Our consumer culture sets exacting standards and norms for what constitutes an ideal child. The tough realities of life often create children and child-bearing and rearing circumstances that are outside the ideal. How do women whose experiences don't match the norm cope and adapt? How do they make sense of it to themselves and to the world?
In a rich series of ethnographic case studies, Transformative Motherhood intimately conveys the experiences of women in the United States who, in each case, have reproductive encounters that do not match up to these cultural standards. From women who choose to become surrogate, foster, or adoptive mothers, to others who give birth to children with disabilities or who have had a pregnancy loss, all creatively meet the challenges posed by their particular mothering experiences. It is often the language of giving and getting, so prominent in a consumer culture, that these women use to make sense of their situation.
In the process, Transformative Motherhood redefines conventional understandings of motherhood, the mother/child relationship, and the role of biology and the law in determining what constitutes a family.
The contributors include Rayna Rapp, Helena Ragone, Judith A. Modell, Danielle Wozniak, Gail Landsman, and Linda L. Layne.
"This text opens up multiple possibilities for reading contemporary women as responsive speaking subjects involved in reconstructing and transferring meanings without consolidating or totalizing their outcomes."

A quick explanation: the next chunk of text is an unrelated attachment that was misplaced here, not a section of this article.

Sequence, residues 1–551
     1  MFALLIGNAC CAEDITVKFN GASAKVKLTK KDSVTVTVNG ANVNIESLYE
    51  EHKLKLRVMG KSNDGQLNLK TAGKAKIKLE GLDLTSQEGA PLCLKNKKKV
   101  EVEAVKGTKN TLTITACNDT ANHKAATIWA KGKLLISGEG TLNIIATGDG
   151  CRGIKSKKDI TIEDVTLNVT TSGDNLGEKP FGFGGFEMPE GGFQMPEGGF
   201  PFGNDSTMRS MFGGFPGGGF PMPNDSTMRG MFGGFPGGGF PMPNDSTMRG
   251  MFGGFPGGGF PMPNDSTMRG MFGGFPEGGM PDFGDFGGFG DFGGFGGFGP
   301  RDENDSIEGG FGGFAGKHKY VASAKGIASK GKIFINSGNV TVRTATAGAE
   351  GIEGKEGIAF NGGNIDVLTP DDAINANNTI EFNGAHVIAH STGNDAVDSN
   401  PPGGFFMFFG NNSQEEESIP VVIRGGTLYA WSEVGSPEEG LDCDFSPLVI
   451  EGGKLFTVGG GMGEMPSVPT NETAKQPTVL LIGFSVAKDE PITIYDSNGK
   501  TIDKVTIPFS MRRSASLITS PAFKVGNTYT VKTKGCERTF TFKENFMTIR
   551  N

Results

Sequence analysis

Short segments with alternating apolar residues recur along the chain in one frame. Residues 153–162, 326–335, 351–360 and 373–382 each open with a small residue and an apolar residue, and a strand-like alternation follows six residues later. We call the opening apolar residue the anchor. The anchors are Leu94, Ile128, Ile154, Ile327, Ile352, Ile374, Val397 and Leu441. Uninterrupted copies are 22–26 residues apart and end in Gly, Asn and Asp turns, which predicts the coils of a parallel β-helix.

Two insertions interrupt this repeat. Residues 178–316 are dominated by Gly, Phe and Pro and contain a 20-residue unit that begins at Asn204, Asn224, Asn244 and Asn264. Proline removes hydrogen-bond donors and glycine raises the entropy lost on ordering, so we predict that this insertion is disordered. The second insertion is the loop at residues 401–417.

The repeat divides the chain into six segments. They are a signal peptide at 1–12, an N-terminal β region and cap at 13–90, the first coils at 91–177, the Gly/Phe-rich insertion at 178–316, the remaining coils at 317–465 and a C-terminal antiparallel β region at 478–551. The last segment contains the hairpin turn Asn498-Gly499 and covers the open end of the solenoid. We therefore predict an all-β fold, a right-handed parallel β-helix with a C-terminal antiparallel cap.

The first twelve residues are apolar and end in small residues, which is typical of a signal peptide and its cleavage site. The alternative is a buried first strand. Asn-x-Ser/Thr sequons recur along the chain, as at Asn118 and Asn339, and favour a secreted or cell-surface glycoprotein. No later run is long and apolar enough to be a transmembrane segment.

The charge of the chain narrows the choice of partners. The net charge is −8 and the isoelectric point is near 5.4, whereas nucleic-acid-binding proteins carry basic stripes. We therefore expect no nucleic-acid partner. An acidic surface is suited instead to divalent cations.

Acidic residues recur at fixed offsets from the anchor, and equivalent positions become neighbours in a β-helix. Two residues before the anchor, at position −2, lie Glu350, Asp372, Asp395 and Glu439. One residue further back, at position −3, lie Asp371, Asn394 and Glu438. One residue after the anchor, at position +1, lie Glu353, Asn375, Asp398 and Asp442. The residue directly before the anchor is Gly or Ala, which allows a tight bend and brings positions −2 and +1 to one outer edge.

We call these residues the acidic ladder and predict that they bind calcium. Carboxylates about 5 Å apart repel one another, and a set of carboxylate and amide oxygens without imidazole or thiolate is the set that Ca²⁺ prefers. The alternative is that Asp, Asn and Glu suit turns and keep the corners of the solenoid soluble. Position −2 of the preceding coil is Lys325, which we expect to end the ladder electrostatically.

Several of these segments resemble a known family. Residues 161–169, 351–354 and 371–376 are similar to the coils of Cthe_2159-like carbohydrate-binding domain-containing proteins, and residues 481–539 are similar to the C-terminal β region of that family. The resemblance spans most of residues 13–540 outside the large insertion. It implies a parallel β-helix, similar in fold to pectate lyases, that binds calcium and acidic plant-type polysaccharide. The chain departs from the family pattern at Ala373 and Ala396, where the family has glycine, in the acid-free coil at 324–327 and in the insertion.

?Resources for Feminist Research, Winter/Spring 2001, Vol. 28, No. _
"What were the values that helped to make Napoleon's armies the formidable fighting force they became? In this highly innovative study Michael Hughes shows how notions of honour became redefined to reward talent and courage and appeal to a sense of martial masculinity, while maintaining the sense of patriotic virtue that had been so potent during the Revolutionary years. The book is interdisciplinary in its approach, drawing on military studies and gender theory to create a highly convincing picture of the military culture of the Napoleonic era." Alan Forrest, Professor of Modern History, University of York "Michael Hughes provides the most fully developed and most highly nuanced account of motivation among the troops who composed Napoleon's Grande Armee Founded upon extensive research and enlightened by new cultural and gendered approaches, his volume traces the evolution of Napoleon's efforts to inspire, and manipulate, his soldiers and the effects of those efforts on officers and the rank and file. Hughes's application of new categories of analysis is not simply a voguish surface gloss; it is fundamental to the traditional military subjects he examines. His treatment of the evolution of military honor is particularly impressive and his innovative exposition of how the lure of sexual opportunity tempted the troops is a revelation Forging Napoleon's Grande Armee is a must read." John A. Lynn, Distiguished Professor of Military History, Northwestern University "Michael Hughes has produced a fascinating study exploring the motivation of French soldiers during the Napoleonic Era, and the process through which they became Napoleon's men Hughes book is an important contribution to the historiography of martial culture He does well to integrate various historical methodologies, producing an intelligent and well conceived book that provides another dimension to Napoleonic military history." Frederick C. Schneid, author of Napoleon's Conquest of Europe: The War of the Third Coalition
Series: Warfare & Culture
Audience: Tertiary; University or College
Number Of Pages: 304
Published: 7th May 2012
Dimensions (cm): 23.1 x 15.5 x 2.3
Weight (kg): 0.522